Welcome to the 2019 CIRCUIT CONSIDERATIONS series. Highlighting the very best in film, acting, and technical achievements for the past 12 months that awards voters may need help remembering. Each day a different writer will make their plea for a specific film in a respective category. If you miss one, click the tag “Circuit Considerations 2019,” and if you have some suggestions, include them in the comments below!
“Corpus Christi,” Poland’s official submission for International Feature Film, is one of the best entries of the year. And while that category may seem all but assured for Korea’s “Parasite,” Jan Komasa‘s drama is a worthy addition to the field.
Bartosz Bielenia is Daniel, a troubled young man who has spent years in a youth correctional facility for a violent crime. And his time there is met with even more violence. Daniel dreams of becoming a priest, although admission to the seminary is next to impossible for someone with his record, which is ironic when the church is supposed to be all about atonement and repentance.
Upon his release, Daniel heads north where a job awaits him. But along the way, he finds himself in a small town chapel. He isn’t trying to cause trouble when he allows the local priest to believe he, too, is a newly frocked member of the clergy. But he is young and is quickly caught up in the lie, which becomes more problematic when the resident father decides to take a break, leaving the parish in Daniel’s inexperienced, uneducated, and some would say unworthy hands.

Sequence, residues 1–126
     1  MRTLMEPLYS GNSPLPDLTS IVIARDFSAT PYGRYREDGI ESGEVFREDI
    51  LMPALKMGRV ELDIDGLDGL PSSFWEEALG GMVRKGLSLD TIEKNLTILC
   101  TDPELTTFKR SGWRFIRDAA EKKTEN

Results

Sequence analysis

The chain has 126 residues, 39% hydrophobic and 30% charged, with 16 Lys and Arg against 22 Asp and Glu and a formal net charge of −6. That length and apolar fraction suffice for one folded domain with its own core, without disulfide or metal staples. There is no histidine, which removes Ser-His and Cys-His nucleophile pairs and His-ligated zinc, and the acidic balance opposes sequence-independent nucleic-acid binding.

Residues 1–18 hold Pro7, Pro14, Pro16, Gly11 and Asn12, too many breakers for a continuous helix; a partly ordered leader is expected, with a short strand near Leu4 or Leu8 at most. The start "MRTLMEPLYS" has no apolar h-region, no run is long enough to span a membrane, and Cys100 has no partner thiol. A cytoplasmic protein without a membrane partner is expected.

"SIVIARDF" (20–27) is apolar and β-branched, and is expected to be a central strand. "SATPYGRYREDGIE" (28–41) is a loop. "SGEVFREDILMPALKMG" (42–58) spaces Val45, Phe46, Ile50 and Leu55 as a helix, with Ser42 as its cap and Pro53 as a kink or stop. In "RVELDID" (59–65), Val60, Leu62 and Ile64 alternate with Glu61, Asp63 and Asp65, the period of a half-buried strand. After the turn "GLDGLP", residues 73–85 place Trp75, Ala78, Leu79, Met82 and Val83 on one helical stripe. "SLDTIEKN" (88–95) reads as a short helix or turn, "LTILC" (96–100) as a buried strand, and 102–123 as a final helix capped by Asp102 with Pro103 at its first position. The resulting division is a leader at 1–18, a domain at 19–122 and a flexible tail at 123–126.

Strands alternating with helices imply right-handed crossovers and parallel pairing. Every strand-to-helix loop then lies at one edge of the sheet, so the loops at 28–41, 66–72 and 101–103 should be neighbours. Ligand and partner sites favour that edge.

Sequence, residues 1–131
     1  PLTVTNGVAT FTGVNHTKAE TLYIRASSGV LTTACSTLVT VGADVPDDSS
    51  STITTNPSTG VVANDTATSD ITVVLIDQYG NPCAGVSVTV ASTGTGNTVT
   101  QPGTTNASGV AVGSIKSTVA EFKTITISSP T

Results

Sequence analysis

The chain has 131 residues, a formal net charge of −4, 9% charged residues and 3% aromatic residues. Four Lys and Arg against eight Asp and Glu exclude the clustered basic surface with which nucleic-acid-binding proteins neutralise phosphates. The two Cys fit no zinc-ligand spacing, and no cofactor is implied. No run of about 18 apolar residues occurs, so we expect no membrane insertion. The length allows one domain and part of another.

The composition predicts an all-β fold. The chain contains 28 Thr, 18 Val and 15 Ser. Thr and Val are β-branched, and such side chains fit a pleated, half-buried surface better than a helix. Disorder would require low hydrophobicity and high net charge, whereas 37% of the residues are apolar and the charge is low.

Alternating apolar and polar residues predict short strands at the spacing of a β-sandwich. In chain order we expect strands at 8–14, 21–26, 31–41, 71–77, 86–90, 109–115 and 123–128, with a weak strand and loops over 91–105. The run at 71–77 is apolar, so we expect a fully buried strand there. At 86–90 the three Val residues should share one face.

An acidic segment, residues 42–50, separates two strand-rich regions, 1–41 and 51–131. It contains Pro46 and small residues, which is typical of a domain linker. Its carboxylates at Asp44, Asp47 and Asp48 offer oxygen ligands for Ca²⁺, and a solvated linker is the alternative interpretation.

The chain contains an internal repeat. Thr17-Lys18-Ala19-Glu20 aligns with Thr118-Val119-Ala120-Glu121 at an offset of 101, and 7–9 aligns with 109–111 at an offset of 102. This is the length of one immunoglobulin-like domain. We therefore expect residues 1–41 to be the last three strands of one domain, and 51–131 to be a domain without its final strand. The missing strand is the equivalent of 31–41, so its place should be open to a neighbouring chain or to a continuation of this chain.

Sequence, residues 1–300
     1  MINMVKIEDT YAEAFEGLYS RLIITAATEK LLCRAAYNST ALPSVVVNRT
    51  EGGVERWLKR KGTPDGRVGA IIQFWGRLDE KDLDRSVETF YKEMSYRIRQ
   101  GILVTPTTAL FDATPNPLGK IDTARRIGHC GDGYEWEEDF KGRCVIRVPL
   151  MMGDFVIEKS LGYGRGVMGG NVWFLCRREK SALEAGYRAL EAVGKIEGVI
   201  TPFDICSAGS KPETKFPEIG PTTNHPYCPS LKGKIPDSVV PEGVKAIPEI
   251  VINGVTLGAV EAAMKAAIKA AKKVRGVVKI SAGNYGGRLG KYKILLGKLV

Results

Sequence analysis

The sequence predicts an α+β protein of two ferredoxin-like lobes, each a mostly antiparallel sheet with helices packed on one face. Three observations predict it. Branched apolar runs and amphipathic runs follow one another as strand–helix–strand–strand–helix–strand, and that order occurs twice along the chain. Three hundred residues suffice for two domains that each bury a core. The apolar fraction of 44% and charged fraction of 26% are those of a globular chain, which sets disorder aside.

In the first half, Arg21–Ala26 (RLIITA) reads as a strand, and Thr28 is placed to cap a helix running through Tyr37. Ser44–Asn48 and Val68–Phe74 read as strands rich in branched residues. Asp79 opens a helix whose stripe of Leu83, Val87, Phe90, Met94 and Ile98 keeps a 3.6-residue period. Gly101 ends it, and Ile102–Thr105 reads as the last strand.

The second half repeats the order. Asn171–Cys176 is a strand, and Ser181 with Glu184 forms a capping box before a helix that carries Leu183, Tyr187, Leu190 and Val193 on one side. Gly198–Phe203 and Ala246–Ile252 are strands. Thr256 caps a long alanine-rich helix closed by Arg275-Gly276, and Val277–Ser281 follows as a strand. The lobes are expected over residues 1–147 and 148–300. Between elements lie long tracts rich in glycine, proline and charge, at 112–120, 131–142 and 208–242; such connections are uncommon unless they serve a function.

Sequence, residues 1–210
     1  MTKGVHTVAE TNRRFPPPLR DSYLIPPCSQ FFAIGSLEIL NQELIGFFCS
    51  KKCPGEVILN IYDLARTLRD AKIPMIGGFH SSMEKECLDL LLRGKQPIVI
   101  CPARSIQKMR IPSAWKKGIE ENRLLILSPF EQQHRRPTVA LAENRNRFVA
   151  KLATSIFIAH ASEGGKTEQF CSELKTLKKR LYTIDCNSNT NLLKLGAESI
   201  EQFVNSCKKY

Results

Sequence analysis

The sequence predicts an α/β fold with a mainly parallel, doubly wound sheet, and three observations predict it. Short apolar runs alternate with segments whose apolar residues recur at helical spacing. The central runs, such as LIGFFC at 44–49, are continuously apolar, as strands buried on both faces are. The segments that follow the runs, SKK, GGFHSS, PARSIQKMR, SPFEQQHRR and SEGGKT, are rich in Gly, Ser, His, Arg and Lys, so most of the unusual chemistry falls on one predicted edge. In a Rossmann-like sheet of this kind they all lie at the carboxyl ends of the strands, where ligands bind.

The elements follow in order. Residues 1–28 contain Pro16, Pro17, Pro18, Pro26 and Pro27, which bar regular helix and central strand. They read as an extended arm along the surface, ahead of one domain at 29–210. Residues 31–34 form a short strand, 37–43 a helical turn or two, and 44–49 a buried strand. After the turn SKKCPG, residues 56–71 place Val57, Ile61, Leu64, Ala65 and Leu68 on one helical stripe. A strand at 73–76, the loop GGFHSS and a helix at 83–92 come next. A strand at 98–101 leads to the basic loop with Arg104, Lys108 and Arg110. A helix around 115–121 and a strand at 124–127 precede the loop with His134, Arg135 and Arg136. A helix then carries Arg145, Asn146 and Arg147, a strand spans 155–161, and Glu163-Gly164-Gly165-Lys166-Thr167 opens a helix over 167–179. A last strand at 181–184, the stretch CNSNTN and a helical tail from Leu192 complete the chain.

Every year there are dozens of cases of criminals and scammers impersonating the clergy. “Corpus Christi” uses this pervasive problem to tell a story not of grifting and deceit, but of grace and redemption. Daniel’s violent past is one that he can’t escape. But as he serves strangers in a community that isn’t his own, he finds a sense of redemption and purpose. It’s something we can all learn from and tells a story that is powerful and universal. Who among us isn’t looking for some redemption in our lives? Some absolution for the past?
“Corpus Christi” is beautifully photographed, with lovely performances. But above all else, it tells a story that we need to hear. Poland has had a good track record in recent years, with “Ida” and “Cold War,” both finding their way into the hearts of the Academy. “Corpus Christi” is poised to join their ranks as a film that is specific to its setting, but also crosses borders. And in that sense, it is precisely the type of film that belongs in a category like International Feature. It works within a particular place, time, and culture to tell a story that reaches across lines and oceans.
Bringing together strong technical elements with a story that is both meaningful and resonant, “Corpus Christi” should not be overlooked during this year’s race for International Feature Film.